Strategy over time
This is the fifth in a compilation of stories drawn from my learnings on the Fundamentals of Business Strategy from the University of Virginia’s course.
In the last 4 stories, I mentioned how to analyze and define a business strategy. That's important, but it's not forever. The dynamics of competition means that we should be actively looking for ways to adapt our business to the changes in the industry. There are 4 famous examples of companies that were successful while ago, but the industry drastically changed, and they couldn't adapt their strategies, going into bankruptcy, or losing a good portion of the marketshare:
- Studebaker Brothers
- Remington Typewriters
Success in the past does not guarantee success in the future
An industry life cycle depicts the various stages where businesses operate, progress, and slump within an industry. An industry life cycle typically consists of five stages — startup, growth, shakeout, maturity, and decline. These stages can last for different amounts of time — some can be months, some can be years.
At the startup stage, customer demand is limited due to unfamiliarity with the new product’s features and performance. Distribution channels are still underdeveloped. There is also a lack of complementary products that add value for the customers, limiting the profitability of the new product.
Companies at the startup stage are likely to generate zero or very low revenue and experience negative cash flows and profits, due to the large amount of capital initially invested in technology, equipment, and other fixed costs.
As the product slowly attracts attention from a bigger market segment, the industry moves on to the growth stage where profitability starts to rise. Improvement in product features increases the value to customers. Complementary products also start to become available in the market, so people have greater benefits from purchasing the product and its complements. As demand increases, product price goes down, which further increases customer demand.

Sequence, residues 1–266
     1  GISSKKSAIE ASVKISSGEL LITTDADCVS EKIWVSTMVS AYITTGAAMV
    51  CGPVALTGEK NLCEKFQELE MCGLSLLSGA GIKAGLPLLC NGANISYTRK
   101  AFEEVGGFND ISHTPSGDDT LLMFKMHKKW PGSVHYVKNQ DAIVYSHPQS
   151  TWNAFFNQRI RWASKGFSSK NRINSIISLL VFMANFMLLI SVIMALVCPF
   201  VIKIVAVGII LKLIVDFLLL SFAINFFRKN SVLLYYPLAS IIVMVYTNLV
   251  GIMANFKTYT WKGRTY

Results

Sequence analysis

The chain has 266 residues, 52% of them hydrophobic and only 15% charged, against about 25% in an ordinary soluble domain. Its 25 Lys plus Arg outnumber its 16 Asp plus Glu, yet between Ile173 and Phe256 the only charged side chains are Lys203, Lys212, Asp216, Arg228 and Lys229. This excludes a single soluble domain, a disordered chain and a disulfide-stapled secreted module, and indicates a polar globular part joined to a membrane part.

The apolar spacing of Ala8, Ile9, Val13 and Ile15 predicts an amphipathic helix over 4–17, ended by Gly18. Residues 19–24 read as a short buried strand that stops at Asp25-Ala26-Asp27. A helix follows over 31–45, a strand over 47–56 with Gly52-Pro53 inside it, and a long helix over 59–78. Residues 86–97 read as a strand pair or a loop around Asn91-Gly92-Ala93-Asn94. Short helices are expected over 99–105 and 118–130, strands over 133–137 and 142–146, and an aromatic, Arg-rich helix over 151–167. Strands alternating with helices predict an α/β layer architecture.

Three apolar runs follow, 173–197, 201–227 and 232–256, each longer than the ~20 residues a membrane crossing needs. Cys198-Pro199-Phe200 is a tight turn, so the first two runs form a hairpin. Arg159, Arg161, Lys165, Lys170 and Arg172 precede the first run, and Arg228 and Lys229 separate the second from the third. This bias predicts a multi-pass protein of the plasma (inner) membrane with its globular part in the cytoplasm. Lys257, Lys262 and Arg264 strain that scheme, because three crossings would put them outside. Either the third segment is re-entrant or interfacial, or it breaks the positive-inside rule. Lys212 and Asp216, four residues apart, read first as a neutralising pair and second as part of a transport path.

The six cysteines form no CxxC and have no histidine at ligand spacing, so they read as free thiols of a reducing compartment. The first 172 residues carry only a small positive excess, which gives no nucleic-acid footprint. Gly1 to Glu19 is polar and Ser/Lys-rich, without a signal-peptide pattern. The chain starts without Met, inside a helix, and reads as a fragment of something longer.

At the growth stage, revenue continues to rise and companies start generating positive cash flows and profits as product revenue and costs surpass break-even.
Shakeout usually refers to the consolidation of an industry. Some businesses are naturally eliminated because they are unable to grow along with the industry or are still generating negative cash flows. Some companies merge with competitors or are acquired by those who were able to obtain bigger market shares at the growth stage.
At the shakeout stage, the growth rate of revenue, cash flows, and profit start slowing down as the industry approaches maturity.
At the maturity stage, the majority of the companies in the industry are well-established and the industry reaches its saturation point. These companies collectively attempt to moderate the intensity of industry competition to protect themselves, and to maintain profitability by adopting strategies to deter the entry of new competitors into the industry. They also develop strategies to become a dominant player and reduce rivalry.
At this stage, companies realize maximum revenue, profits, and cash flows because customer demand is fairly high and consistent. Products become more commonplace and popular among the general public, and the prices are fairly reasonable, as compared to new products.
The decline stage is the last stage of an industry life cycle. The intensity of competition in a declining industry depends on several factors: speed of decline, the height of exit barriers, and the level of fixed costs. To deal with the decline, some companies might choose to focus on their most profitable product lines or services in order to maximize profits and stay in the industry. Some larger companies will attempt to acquire smaller or failing competitors to become the dominant player. For those who are facing huge losses and that do not believe there are opportunities to survive, divestment will be their optimal choice.